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Or: How I learned to Stop Worrying And Love Open Source Or: How I learned to Stop Worrying And Love Open Source
I actually deleted this entire post on Tuesday because I am an idiot and spent a lot of time recovering it, only to realize it needed to be totally re-done anyway. And in the end, they did what I needed!
WordPress 3.0 is the big merge with WPMU (WordPress Multi User) and regular old WordPress. What this means is that new blogs will have the chance, from day one, to make a blog with ‘sub blogs’. Kind of.
With a traditional WordPress install, you get one blog. Sure, you can customize it, but it remains one blog. WordPressMU takes that to the next level, with the idea that sometimes you want to give yourself, your spouse and your kids a blog, but not with multiple installs of WordPress. It’s actually a great idea, and I’m very happy that the codebases are being merged so you don’t have to feel like the proverbial red-headed stepchild when you need support.
But I have needs and I’m sure I’m not the only one who’s worried that the merge won’t help me. See, I have a site with two blogs and, had I been thinking about it at the time, I would have started with MU. The problem was that it grew organically.
Blog #1 – The Main Blog Blog #1 – The Main Blog
The main blog, as it were, is where I post news updates, discussion topics, etc. It’s the hub of the site, though not the ‘meat’. The wiki and gallery (both locked down to admin editors only) are the big parts of the site, containing 12+ years of documentation, data and images. Those aspects of the site I’m happy with as is. Oh, sure, MediaWiki is insane, and updating plugins is a crime (you have to go check manually, and by the way, not every plugin correctly lists it’s version), but it does it’s job and with over 700 pages, all cross-linked and organized, it’s something that’s just a little too big and hairy to consider moving to a WordPress run CMS. I firmly believe in using the right tool for the right job. MediaWiki is correct for an encyclopedia. Zenphoto’s right for a gallery. WordPress is right for a blog.
I did not get derailed. This is all part of the process of how I ended up with WordPress. When I started, I wanted a place where I could do the following:
- Post news
- Allow for discussion on said news
See? It’s really simple. I needed a blog! What I do with it is, most of the time, link back to the gallery (ZenPhotoPress! for easy integration) or wiki (just link like I’ve been doing to all these other sites – why reinvent the wheel?). Happy.
Then I thought ‘You know, a blog is great where I control the topics etc. But what if my visitors want to make their OWN topics?’ So I added a forum (back) on, using bbPress, because of it’s so-called easy integration with WordPress. I must admit, the integration was not easy, but once I got it working, it was simple. Currently they’re discussing making bbPress a WordPress plugin, which, seeing as a lot of the bbPress code is lifted from WordPress, I’m not opposed to. That will probably happen after WordPress makes 3.0, however.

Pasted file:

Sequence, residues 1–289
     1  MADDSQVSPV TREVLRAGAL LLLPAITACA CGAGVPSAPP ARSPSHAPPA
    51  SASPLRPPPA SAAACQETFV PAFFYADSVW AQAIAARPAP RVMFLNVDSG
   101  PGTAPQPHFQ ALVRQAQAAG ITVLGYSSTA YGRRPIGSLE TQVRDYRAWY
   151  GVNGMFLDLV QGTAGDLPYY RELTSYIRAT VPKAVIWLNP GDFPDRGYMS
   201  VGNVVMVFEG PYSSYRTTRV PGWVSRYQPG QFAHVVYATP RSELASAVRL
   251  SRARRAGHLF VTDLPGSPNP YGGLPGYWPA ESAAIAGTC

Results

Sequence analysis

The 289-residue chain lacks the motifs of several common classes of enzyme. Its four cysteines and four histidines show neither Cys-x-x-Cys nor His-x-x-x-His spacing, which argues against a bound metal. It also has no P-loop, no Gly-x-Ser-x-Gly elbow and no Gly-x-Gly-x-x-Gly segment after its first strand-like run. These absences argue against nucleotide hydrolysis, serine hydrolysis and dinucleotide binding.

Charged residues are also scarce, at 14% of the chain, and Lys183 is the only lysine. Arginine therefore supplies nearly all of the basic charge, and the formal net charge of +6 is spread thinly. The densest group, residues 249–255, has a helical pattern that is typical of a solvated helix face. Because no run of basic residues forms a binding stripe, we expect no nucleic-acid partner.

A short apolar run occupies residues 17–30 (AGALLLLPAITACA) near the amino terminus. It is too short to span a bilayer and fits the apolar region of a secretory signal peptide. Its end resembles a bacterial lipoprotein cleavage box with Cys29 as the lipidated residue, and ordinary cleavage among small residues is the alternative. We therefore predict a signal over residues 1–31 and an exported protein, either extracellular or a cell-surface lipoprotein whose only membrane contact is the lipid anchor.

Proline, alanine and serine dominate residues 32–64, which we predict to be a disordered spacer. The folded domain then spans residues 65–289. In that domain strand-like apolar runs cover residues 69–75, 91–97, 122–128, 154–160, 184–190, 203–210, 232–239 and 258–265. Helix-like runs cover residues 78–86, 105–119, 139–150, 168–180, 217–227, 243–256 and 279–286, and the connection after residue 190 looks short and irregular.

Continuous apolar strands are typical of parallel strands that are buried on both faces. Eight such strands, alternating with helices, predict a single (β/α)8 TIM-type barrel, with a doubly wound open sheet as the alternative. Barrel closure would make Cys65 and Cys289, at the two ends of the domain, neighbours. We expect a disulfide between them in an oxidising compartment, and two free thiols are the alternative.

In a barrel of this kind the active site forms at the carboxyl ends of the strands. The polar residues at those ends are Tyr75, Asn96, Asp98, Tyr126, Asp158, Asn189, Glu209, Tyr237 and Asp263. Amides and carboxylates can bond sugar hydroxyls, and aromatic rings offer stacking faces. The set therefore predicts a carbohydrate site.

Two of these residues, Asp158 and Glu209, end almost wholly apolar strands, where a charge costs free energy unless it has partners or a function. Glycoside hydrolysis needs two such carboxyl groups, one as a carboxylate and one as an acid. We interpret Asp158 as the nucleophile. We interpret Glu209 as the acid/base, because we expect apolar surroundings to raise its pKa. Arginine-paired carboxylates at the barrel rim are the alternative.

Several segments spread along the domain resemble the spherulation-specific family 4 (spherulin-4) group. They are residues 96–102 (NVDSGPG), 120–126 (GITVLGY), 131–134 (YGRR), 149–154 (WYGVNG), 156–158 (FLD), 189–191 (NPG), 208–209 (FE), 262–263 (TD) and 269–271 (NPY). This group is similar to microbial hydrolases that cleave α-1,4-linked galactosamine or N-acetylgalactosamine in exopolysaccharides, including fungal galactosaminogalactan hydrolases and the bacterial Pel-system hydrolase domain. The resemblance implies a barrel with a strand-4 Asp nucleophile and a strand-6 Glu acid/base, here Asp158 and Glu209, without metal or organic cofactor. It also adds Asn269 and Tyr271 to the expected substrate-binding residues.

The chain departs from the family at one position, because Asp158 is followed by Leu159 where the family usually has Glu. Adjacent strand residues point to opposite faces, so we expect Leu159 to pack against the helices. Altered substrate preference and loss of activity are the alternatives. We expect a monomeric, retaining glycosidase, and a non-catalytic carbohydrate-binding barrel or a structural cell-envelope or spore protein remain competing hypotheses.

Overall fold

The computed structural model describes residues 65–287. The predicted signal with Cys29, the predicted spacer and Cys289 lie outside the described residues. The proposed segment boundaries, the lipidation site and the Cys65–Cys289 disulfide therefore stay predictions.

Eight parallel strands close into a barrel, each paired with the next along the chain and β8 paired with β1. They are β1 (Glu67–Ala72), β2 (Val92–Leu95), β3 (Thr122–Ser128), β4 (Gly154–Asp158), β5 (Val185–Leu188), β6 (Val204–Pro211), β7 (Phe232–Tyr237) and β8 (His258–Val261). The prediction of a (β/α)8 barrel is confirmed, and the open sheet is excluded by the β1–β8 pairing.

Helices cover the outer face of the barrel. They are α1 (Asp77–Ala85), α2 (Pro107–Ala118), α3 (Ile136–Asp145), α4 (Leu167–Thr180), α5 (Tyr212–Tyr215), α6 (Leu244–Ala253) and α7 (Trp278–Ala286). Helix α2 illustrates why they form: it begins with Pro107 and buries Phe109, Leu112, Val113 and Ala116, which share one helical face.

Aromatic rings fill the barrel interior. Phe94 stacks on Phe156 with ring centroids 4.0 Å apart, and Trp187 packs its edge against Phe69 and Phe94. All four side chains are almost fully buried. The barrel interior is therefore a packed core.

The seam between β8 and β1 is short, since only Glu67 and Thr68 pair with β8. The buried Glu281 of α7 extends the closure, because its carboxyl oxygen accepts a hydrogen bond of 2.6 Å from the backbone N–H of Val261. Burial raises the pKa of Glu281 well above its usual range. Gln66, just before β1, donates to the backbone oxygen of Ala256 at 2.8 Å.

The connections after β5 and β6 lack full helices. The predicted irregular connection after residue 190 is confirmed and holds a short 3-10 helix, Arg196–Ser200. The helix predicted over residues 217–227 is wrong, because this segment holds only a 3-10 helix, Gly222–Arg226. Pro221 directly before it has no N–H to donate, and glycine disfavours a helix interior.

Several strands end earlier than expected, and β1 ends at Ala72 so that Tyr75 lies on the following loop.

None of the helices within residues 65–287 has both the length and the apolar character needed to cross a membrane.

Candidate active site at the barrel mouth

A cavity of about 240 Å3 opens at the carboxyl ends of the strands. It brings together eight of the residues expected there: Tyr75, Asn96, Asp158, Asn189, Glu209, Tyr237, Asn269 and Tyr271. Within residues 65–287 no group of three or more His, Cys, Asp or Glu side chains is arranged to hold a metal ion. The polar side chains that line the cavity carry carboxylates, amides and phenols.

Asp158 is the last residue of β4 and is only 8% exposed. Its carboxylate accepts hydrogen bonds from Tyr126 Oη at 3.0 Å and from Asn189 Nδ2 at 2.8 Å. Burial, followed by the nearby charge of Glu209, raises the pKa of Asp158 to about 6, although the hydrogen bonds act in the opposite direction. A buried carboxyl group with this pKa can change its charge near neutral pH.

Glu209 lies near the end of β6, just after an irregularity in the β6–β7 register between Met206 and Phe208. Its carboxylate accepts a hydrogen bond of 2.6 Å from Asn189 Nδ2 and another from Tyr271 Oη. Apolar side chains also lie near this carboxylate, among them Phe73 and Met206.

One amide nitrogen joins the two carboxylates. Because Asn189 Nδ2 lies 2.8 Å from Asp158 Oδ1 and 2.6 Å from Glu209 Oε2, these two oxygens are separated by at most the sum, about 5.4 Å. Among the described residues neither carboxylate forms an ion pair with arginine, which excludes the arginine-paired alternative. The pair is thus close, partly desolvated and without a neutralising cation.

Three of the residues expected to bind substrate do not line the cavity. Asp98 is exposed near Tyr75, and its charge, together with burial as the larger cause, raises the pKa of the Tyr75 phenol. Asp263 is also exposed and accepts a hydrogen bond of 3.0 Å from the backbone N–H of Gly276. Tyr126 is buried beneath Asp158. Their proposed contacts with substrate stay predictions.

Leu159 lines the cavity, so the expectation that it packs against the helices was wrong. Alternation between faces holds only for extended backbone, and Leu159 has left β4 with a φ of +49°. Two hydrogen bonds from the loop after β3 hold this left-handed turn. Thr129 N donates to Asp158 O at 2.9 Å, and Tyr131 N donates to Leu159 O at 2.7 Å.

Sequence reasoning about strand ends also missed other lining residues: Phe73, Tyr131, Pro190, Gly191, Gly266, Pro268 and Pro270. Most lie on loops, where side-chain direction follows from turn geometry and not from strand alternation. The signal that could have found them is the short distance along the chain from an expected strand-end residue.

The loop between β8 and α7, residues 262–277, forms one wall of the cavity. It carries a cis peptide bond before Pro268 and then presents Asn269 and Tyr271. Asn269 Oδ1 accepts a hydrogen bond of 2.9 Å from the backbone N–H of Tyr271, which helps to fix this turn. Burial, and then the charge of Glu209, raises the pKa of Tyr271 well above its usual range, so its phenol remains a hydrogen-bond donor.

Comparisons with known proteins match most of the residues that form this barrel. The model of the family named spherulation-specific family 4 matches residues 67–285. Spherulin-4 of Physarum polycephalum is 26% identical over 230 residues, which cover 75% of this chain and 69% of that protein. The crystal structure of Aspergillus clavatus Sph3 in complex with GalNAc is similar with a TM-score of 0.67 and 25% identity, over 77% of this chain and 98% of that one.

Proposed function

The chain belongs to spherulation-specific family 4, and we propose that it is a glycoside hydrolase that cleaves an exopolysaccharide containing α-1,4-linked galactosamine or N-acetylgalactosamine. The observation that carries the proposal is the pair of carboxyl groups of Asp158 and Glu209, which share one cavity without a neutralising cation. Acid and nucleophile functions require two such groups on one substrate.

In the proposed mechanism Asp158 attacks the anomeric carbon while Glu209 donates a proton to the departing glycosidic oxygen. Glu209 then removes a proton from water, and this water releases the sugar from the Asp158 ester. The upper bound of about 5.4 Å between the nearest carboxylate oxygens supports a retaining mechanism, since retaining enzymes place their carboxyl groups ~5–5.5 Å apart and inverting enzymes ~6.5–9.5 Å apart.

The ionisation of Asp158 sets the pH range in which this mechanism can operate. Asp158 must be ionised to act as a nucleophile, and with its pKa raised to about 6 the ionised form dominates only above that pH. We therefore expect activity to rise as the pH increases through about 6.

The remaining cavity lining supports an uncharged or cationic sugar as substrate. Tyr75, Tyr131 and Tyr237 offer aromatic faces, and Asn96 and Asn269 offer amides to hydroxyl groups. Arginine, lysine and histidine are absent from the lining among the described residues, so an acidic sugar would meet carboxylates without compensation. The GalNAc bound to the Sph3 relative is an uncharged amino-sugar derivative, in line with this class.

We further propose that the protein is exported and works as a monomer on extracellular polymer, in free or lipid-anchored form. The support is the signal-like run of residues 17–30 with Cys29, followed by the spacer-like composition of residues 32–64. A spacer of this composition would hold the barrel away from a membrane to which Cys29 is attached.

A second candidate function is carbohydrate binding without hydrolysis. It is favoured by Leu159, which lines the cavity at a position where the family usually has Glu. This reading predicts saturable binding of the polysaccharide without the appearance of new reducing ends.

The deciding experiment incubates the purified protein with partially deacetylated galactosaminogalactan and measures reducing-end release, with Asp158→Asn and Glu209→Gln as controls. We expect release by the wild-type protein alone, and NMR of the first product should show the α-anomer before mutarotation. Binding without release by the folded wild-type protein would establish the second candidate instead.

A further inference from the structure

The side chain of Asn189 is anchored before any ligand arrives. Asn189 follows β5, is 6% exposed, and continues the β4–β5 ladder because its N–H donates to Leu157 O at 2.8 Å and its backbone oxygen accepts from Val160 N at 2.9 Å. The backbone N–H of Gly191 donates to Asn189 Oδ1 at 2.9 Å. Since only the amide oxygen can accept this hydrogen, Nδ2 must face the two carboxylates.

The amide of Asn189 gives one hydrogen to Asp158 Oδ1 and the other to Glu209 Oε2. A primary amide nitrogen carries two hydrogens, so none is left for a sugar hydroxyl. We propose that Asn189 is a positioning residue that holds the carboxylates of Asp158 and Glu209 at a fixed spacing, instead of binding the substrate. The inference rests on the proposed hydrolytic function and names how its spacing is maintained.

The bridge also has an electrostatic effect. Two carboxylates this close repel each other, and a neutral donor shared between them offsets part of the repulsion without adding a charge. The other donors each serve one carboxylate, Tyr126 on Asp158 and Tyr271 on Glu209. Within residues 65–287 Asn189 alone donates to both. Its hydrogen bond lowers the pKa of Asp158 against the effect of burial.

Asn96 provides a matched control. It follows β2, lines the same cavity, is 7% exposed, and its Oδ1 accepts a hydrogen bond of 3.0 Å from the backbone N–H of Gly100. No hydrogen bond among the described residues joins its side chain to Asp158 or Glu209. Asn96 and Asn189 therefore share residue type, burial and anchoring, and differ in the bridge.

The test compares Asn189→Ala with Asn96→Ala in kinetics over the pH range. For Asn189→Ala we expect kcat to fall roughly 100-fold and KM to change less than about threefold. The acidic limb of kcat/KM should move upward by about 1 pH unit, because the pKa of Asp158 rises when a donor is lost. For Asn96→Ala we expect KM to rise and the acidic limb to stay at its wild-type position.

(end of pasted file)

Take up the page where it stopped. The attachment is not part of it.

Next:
Blog #2 – Video Blog Blog #2 – Video Blog
The short story is that I wanted to make a video site, and all the ones out there were so hard to theme, I thought ‘Damn it, people make Video Blogs all the ding dang time. Why not co-opt that?’ So I make a no-comment ‘blog’ for my videos. Done.
How I want my MU to Work How I want my MU to Work
Here’s where I get hinky.
Blog #1 is the main blog. This will be the wp_1 blog site, where all new users are signed up. The users here will be ‘integrated’ with bbPress and 99.999% of them will be ‘subscribers’ who can only read and comment. The hardest part is that the user base must be ported over with their extant passwords, and bbPress integration must remain intact. Otherwise what’s the point? While WordPress has an export/import feature, I can’t use it becuase it will only bring over posts. Also, I’ve been storing my
Blog #2 remains read only, no one is a ‘user’ but me and my admin accounts, and no one can sign up for it. This one can be best done as an export/import.
The nice thing about WordPress is that they use subversion, and so do I. So my server has a nice spare folder where I have a wp 3.0 trunk build (trunk means it’s the latest and greatest version) which I update by running this command:
svn co http://core.svn.wordpress.org/trunk/ .
I run it once every few days, rough-test an import and an upgrade, and back out my changes. Over and over again. I’ll probably end up writing a how-to for myself in the end (and sharing here, of course!).
So at the end of this, where am I? A little worried. While I know I’m capable of sorting out the move from Regular WordPress to the MultiSite, I think that it’s important that WordPress build in a conversion tool. I’m not the only person who’s going to look at this and want a one-click solution to turn a WP one-blog-site into a multi-blog-site. I waffle back and forth about being nervous and confident about it. As of today, they claim it’s ‘easy’ to switch from solo to multi. There’s a Mormon joke in there somewhere.
From the last Developer Chat:
Ryan updated on the status of the merge which is now complete in its first form. The upgrade from single to multi works well switching back and forth is easily done by copying wp-config files. A large amount of the code cleanup is but there are still outstanding areas. It will be ready for people to start testing an early preview release in a week or two.
Now the only thing I have left to worry about is my custom locations for uploaded files! Instead of storing my uploads in the ‘normal’ place (~/blog/wp-content/uploads/YYYY/MM/DD/file.foo) I have them ‘offloaded’ to another server. Kind of. They’re on ~/content/blog and ~/content/video/wp-uploads (long story, I may re-do that later). But I can work around that I’m sure.